I jokingly call myself a “guitar owner”. I’ve been playing (owning) for about 25 years. I started by learning to play songs, but now I mostly improvise. Someone described to me what meditation is and realized that when I play guitar, it’s actually meditation. I’ve also been an avid music collector (cds and vinyl) since I was about 9 years old. Music, not photography, is the biggest influence and inspiration on my work. For me, music’s edge over photography is that it’s kinetic. The energy, emotion, and movement of musical performance (and its audience) is a phenomenon that continues to blow my mind. I have such high regard to the creation of music that it’s probably why I never fully pursued it as a career. Making music is like a super power. I find it so magical that my fear of not being able to make sounds that lift my soul ultimately makes that dream just a dream. I still very much love to play my guitar at home and disturb the neighbors though. Photography on the other hand, is a medium that for some reason comes more naturally to me. It doesn’t scare me like music does. It’s hard work, but it’s not emotionally terrifying like music. Maybe someday I’ll find the courage to make some music and incorporate it into my photography. Regardless of medium, some of my favorite artists are Christo and Jeanne Claude, Pink Floyd, Stanley Kubrick, Storm Thorgerson, Jean Michel Jarre, Gerard Richter, Olafur Eliasson. All have one thing in common. They’re fearless and are in constant evolution.
Thank you and finally, you are clearly on an exciting journey. Where do you go from here?
I’ll continue to work on this project. Being that it’s my first attempt at mixed media, I’m now exploring other projects ideas that are not “straight” photography. I’m exploring different print formats/materials, video, sound (hint…maybe music?), but all involving the camera at its core. And thanks for the interview, and to LENSCRATCH.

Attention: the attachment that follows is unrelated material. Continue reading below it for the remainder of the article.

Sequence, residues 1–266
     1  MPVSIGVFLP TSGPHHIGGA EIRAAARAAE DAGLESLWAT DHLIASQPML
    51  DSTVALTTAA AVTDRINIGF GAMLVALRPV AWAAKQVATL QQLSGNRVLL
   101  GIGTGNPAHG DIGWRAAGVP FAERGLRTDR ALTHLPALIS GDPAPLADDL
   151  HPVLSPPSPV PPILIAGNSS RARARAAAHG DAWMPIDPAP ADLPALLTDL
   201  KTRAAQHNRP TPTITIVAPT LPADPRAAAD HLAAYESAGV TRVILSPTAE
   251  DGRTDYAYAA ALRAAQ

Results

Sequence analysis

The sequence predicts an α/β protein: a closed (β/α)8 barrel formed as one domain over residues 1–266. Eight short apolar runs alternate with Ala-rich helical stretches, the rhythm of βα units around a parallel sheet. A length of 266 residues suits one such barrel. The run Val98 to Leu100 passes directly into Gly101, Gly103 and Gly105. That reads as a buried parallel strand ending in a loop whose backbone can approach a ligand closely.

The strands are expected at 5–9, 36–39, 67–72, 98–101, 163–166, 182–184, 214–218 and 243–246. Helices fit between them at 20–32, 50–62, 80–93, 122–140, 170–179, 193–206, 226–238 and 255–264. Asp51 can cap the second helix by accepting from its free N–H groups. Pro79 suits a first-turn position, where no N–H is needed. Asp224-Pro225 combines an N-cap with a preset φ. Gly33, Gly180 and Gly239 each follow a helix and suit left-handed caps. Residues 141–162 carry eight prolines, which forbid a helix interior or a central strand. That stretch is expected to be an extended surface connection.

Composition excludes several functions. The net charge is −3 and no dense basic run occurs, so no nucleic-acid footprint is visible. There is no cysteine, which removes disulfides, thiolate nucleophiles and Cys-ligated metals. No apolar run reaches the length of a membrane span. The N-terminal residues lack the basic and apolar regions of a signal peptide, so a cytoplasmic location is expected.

Olaf Willoughby is a photographer, writer, and educator living in London, UK. He teaches in the UK and the USA and his work has been featured in fine art and photo magazines and exhibited in UK, US and European venues. It has also been endorsed by The World Wildlife Fund in Australia who distributed 5,000 ebook copies of Olafs’ book, ‘Antarctica, A Sense of Place’ to help raise money for environmental causes. Olaf has created several other books, ‘Visualising Poetry’ and ‘On Tongue Tip Turn a Thousand Times’ which combines abstract photography with haiku poetry. He is a founder member of The Leica Meet a Facebook Group with over 16,500 members and has been closely involved in their fine art books, ‘A selection of Excellence’. His interest in storytelling also extends beyond photography. He has spoken on the art of using storytelling to improve business communications on various platforms in London, Basel, Amsterdam, Shanghai, Athens, and Chicago.
Posts on Lenscratch may not be reproduced without the permission of the Lenscratch staff and the photographer.
Fritz Liedtke: SacredFebruary 26th, 2020
Santiago Vanegas: UN TE ST ES O AM R CAFebruary 19th, 2020
Bill Westheimer: New Vistas: Photographers working with the LandscapeJanuary 31st, 2020